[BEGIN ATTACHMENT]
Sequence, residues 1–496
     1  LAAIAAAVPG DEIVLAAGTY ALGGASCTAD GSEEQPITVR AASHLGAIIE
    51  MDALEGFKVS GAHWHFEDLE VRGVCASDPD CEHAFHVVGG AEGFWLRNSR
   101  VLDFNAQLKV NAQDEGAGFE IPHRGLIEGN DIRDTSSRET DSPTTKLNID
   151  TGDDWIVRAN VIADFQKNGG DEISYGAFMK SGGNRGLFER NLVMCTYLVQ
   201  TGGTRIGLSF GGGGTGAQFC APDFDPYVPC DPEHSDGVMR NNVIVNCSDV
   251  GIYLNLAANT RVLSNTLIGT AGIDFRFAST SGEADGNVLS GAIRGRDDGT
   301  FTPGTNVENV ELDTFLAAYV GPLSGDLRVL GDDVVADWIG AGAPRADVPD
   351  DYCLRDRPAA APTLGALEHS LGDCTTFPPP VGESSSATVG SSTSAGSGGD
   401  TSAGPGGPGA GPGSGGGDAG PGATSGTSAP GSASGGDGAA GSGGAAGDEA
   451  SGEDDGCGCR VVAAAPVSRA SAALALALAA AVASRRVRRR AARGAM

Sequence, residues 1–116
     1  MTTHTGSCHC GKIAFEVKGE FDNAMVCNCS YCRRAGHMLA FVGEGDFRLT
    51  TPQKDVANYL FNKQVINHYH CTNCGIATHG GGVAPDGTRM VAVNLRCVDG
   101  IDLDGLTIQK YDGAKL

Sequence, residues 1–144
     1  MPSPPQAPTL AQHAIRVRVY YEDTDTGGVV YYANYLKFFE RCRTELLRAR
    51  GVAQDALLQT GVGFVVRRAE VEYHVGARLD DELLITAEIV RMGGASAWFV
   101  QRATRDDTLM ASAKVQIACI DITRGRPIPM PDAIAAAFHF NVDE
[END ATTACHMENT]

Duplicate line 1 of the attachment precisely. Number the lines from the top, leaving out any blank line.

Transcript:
Sequence, residues 1–496